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Biochim Biophys Acta. 2007 Dec;1768(12):3282-91. Epub 2007 Aug 9.

Structural and thermodynamic analyses of the interaction between melittin and lipopolysaccharide.

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  • 1Biomolecular NMR and Drug Discovery Laboratory, Division of Structural and Computational Biology, School of Biological Sciences, Nanyang Technological University, 60 Nanyang Drive, Singapore 637551, Singapore.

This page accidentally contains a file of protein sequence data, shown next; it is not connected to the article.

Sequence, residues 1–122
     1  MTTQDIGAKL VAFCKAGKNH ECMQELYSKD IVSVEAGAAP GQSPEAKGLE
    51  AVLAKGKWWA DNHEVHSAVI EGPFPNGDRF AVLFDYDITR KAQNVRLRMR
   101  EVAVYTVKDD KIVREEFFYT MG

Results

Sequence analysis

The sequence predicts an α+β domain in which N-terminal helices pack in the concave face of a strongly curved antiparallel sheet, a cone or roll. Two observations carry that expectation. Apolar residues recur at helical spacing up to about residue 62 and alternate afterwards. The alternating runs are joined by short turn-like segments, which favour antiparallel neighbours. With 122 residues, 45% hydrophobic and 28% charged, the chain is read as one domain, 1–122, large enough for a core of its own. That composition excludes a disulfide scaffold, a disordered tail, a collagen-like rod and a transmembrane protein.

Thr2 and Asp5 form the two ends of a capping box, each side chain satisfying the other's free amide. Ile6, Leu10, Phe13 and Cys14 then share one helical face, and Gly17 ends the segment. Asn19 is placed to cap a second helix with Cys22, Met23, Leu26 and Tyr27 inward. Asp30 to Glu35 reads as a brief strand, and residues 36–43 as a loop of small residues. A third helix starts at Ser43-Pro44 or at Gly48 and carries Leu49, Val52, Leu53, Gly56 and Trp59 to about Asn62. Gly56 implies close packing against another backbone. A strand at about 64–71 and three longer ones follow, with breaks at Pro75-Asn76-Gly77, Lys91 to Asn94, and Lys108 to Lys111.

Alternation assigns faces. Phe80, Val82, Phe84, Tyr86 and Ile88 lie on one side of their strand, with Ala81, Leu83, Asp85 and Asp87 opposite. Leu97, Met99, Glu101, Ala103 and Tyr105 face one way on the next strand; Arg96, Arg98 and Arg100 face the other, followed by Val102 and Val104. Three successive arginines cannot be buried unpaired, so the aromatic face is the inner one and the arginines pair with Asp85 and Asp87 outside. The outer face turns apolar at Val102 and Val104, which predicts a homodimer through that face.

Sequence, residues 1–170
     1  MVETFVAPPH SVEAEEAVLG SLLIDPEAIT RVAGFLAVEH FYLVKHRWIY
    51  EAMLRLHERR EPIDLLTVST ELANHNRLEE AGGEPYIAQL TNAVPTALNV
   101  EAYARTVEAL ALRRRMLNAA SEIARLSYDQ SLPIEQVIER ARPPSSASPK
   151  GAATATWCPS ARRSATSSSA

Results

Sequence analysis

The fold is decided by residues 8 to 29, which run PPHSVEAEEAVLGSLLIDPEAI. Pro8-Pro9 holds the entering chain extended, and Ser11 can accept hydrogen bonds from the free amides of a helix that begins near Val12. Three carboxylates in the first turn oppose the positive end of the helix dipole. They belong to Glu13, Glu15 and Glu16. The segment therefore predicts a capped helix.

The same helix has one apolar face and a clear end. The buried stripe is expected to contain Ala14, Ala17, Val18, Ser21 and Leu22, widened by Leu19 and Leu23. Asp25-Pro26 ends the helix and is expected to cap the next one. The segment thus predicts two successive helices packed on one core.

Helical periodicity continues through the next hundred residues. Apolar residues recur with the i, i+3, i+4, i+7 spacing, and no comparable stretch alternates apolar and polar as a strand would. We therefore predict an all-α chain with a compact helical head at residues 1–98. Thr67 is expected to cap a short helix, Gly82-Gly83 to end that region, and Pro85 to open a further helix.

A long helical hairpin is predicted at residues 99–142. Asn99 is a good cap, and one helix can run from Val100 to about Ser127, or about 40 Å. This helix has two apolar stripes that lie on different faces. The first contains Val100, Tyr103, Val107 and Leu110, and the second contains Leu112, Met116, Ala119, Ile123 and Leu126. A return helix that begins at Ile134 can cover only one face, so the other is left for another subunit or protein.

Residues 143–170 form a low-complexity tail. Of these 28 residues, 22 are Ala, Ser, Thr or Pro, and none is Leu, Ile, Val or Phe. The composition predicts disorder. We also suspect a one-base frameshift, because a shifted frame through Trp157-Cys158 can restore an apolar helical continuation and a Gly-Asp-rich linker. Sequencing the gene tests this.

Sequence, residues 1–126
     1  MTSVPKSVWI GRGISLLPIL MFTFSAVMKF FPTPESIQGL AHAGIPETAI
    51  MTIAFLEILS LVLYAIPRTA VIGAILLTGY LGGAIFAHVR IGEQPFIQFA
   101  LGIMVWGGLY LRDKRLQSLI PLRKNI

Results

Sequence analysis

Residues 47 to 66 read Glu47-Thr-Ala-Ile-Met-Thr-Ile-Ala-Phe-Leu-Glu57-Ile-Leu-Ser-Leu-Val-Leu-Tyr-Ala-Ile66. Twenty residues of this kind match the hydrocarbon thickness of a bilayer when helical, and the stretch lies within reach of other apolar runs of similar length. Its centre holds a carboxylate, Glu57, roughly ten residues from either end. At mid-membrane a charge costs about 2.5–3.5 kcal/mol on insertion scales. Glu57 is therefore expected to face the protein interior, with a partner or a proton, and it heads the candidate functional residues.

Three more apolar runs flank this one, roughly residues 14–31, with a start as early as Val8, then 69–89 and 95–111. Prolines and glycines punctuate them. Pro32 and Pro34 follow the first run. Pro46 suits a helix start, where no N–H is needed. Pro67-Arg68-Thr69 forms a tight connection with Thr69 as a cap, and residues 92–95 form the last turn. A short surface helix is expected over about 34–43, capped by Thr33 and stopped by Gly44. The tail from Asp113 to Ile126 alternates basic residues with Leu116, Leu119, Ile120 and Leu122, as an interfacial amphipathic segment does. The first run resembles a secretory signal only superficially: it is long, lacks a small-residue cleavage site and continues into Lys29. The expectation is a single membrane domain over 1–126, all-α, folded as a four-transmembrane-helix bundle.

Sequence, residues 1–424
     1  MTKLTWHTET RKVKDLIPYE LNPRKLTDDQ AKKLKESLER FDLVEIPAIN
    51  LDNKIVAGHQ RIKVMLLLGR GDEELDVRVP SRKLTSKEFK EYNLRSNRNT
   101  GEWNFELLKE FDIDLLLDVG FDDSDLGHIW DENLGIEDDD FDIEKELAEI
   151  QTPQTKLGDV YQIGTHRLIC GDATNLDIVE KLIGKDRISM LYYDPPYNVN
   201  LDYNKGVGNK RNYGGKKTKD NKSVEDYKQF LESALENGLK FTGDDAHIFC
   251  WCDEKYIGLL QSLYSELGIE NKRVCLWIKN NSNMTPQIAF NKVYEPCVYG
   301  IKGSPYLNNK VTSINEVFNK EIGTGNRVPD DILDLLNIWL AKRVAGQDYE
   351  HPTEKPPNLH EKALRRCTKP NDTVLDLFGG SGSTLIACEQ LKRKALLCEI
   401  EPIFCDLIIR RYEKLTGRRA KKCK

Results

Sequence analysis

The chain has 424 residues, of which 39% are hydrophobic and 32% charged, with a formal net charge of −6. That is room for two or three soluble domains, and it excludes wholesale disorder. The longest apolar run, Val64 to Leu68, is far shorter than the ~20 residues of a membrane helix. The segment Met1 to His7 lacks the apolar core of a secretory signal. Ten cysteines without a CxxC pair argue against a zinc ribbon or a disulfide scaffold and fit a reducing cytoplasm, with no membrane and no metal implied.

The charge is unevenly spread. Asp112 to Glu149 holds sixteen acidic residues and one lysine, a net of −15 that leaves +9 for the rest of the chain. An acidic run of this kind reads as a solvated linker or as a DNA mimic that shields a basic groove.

Lipopolysaccharide (LPS), the major constituent of the outer membrane of Gram-negative bacteria, is the very first site of interactions with the antimicrobial peptides. In this work, we have determined a solution conformation of melittin, a well-known membrane active amphiphilic peptide from honey bee venom, by transferred nuclear Overhauser effect (Tr-NOE) spectroscopy in its bound state with lipopolysaccharide. The LPS bound conformation of melittin is characterized by a helical structure restricted only to the C-terminus region (residues A15-R24) of the molecule. Saturation transfer difference (STD) NMR studies reveal that several C-terminal residues of melittin including Trp19 are in close proximity with LPS. Isothermal titration calorimetry (ITC) data demonstrates that melittin binding to LPS or lipid A is an endothermic process. The interaction between melittin and lipid A is further characterized by an equilibrium association constant (Ka) of 2.85 x 10(6) M(-1) and a stoichiometry of 0.80, melittin/lipid A. The estimated free energy of binding (delta G0), -8.8 kcal mol(-1), obtained from ITC experiments correlates well with a partial helical structure of melittin in complex with LPS. Moreover, a synthetic peptide fragment, residues L13-Q26 or mel-C, derived from the C-terminus of melittin has been found to contain comparable outer membrane permeabilizing activity against Escherichia coli cells. Intrinsic tryptophan fluorescence experiments of melittin and mel-C demonstrate very similar emission maxima and quenching in presence of LPS micelles. The Red Edge Excitation Shift (REES) studies of tryptophan residue indicate that both peptides are located in very similar environment in complex with LPS. Collectively, these results suggest that a helical conformation of melittin, at its C-terminus, could be an important element in recognition of LPS in the outer membrane.

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